Marcelo M. Suarez-Orozco and Carola Suarez-Orozco discuss the topic of anti-migration measures taken in the USA, and the genuine implications of the tendencies observed in the field. The authors provide the findings of a statistical report of the Pew Hispanic Center about a dramatic reduction of illegal migration rates from the south of the continent to the USA. The authors initially assess the tendency as a logical one, since the greatest economic recession since the times of the Great Depression reduces the migration incentives seriously, with advanced economies offering much fewer jobs and much worse living conditions for immigrants. However, the author indicate that this is not the key point to consider with the framework of illegal immigration topic. They offer an alternative approach to the topic consideration, claiming that it is more constructive than the modern anti-migration measures.
The statistics the authors offer shows that there are $14.9 billon expenditures on the US Custom and Border Protection services, which is incredibly much in the conditions of the economic crisis in the country. However, even under the strengthening power of enforcement officials at the border and the aggravating policies of deportation, there are still 300,000 illegal immigrants recorded annually (Suarez-Orozco and Suarez-Orozco).
The authors assess this tendency as a major breach of the fundamental US legislation, which is integrity of its borders and national security. The access of illegal immigrants erodes public trust and creates the projects of hopelessness in the issue of immigration. The authors expand on this critical situation even further, assessing the number of children of illegal immigrants who become US citizens by birth (4 million in 2008), while the official applicants for immigration have to wait for years, and sometimes decades, to join their relatives, official residents and citizens of the USA (Suarez-Orozco and Suarez-Orozco). The present tendency is shown by the authors as a dramatic discrepancy in the anti-migration theory and practice, harming obedient citizens, and ignored by deviant ones. Upon a critical appraisal of the present situation, the authors of the article offer a different approach to the issue of illegal migration. They remind to the reader that it is actually the American population that created the demand for illegal, cheap labor in the 1990s, and that employs illegal immigrants as nannies and gardeners. It is useless to reject people once they are already in the USA.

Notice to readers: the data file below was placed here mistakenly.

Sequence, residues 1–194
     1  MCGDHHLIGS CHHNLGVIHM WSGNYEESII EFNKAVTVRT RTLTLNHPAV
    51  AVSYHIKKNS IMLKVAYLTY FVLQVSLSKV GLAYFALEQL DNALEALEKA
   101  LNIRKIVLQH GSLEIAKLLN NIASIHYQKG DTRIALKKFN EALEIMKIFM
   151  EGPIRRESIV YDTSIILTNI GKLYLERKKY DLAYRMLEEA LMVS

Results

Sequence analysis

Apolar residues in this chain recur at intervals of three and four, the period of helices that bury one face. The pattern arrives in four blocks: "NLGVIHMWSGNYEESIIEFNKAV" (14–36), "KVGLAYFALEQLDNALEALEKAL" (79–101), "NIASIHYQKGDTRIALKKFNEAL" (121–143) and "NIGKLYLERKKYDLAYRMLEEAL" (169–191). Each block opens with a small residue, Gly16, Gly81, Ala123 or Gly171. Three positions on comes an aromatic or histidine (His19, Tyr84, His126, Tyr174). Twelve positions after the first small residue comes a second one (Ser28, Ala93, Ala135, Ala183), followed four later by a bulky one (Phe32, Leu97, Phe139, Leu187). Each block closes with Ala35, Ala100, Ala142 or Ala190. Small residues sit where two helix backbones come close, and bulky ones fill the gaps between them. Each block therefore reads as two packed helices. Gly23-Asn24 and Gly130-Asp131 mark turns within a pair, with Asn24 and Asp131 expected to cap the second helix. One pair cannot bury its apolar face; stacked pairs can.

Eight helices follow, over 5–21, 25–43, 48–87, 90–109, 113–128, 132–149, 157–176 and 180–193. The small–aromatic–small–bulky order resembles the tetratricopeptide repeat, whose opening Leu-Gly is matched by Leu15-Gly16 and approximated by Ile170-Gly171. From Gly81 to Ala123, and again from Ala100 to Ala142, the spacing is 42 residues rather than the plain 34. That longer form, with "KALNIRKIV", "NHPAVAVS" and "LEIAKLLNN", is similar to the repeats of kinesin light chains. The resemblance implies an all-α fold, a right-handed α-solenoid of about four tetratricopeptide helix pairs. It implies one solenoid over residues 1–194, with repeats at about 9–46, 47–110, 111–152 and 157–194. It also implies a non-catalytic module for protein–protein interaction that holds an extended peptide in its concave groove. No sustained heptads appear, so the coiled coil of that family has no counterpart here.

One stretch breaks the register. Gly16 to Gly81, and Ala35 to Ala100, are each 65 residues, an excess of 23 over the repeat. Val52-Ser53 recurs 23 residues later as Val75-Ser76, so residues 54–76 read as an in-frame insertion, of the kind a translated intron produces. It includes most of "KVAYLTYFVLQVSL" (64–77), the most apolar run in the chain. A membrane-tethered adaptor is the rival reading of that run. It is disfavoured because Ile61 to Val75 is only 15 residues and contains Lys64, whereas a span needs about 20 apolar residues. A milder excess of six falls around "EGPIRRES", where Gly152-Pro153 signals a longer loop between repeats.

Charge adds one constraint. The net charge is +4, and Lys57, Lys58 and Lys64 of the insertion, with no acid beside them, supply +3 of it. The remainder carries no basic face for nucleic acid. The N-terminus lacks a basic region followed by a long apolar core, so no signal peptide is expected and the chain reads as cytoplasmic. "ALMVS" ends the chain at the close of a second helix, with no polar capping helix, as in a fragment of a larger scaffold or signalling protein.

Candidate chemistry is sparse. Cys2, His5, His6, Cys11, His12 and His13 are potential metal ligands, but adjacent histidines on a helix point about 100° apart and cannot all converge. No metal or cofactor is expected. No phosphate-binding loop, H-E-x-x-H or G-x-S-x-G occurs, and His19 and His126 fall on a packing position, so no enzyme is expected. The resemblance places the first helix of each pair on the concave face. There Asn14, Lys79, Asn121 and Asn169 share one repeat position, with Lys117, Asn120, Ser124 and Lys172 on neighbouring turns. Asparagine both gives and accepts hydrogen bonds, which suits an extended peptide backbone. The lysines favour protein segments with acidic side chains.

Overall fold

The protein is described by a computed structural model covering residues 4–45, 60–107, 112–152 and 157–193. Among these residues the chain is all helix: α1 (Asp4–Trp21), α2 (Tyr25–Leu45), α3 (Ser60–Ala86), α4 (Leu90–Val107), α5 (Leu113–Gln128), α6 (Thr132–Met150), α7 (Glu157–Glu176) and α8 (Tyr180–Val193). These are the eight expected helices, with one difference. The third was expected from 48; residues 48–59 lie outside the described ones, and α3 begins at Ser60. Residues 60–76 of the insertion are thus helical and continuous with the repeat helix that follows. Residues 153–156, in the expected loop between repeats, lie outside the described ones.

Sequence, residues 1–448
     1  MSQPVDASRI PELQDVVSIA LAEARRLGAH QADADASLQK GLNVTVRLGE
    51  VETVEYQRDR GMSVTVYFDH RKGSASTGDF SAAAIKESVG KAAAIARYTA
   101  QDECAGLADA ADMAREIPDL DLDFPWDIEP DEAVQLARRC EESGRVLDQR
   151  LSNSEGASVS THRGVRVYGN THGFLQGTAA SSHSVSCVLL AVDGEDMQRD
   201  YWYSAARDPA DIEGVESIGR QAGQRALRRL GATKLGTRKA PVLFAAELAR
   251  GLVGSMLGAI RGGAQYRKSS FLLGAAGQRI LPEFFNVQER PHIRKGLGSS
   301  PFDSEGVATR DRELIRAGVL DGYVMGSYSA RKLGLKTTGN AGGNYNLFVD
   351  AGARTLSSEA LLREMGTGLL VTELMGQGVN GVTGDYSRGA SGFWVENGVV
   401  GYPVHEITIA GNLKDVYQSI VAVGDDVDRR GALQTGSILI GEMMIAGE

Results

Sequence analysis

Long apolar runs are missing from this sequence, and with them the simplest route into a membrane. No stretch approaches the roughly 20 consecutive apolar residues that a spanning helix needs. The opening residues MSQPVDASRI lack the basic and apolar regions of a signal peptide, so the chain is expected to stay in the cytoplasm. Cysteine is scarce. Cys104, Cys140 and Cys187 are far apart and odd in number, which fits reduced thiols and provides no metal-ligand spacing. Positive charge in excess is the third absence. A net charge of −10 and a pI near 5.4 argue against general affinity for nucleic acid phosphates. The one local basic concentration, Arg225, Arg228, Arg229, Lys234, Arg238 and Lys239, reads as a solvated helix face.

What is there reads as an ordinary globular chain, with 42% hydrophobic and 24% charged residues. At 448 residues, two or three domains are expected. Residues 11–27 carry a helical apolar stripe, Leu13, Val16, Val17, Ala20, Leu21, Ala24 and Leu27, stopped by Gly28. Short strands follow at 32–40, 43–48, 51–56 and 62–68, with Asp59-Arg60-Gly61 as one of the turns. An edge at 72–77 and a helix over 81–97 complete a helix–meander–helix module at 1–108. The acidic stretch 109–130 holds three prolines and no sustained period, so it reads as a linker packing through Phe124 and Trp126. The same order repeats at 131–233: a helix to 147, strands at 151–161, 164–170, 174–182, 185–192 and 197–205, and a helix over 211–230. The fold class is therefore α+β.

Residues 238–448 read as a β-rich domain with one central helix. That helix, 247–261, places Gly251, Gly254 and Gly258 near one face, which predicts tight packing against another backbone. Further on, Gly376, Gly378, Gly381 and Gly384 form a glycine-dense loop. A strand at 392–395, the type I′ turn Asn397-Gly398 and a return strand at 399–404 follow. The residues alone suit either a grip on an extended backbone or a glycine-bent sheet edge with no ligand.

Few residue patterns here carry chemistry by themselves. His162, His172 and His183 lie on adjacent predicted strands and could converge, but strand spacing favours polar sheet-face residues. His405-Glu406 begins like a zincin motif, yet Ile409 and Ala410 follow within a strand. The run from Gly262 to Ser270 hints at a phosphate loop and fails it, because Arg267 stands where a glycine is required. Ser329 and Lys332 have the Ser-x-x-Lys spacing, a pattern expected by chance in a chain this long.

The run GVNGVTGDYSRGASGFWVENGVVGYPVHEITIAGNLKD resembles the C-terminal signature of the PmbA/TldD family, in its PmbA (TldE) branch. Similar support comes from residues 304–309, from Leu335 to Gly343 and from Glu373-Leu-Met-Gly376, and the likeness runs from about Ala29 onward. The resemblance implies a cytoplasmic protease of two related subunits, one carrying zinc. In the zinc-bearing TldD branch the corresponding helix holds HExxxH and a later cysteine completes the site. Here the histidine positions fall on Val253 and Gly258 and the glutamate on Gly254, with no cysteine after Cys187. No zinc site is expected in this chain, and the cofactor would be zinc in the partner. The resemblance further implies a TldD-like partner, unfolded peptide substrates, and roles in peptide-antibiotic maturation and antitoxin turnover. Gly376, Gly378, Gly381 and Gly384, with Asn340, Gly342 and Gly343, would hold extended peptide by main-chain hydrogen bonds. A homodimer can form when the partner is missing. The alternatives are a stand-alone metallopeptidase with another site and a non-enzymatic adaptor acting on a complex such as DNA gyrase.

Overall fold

Hence, the authors claim that in case Americans could have given cheap manual jobs for those immigrants, they should consider the opportunity of welcoming them in their community, at their workplace, and in the neighborhood. To achieve that, immigrants have to fit a certain set of characteristics that will enable them to assimilate with the mainstream American society as equal members thereof. Suarez-Orozco and Suarez-Orozco propose a three-stage program for fighting illegal immigration.
They state that each illegal immigrant, after living for three years in the USA, has to sign an affidavit in which he or she accepts unlawful stay in the country. After that, the immigrant will have to pass a security check and pay a fine of $6,500 for the unlawful stay in the United States, and will then take a course of studies including the US history, English language, and fundamentals of the US government system (Suarez-Orozco and Suarez-Orozco). However, the authors emphasize that the program will not achieve success in case there is no support from government and administration; the officials have to accompany these comprehensive steps on assimilation of worthy immigrants with the tough deportation and border security measures.
Suarez-Orozco, M. Marcelo, and Carola Suarez-Orozco.
“Anti-Anti Immigration: Principles to Make Migration Work.” Huffington Post. 2010. 7 Oct. 2011.